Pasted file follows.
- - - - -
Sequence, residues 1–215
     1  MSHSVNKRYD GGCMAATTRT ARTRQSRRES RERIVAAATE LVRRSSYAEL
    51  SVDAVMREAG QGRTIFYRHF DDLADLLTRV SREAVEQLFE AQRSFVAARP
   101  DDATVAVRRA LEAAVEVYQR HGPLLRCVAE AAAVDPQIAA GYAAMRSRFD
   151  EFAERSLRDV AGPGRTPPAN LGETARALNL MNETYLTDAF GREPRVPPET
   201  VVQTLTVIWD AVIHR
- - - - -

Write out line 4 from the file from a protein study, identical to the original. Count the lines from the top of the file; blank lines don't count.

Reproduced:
   101  DDATVAVRRA LEAAVEVYQR HGPLLRCVAE AAAVDPQIAA GYAAMRSRFD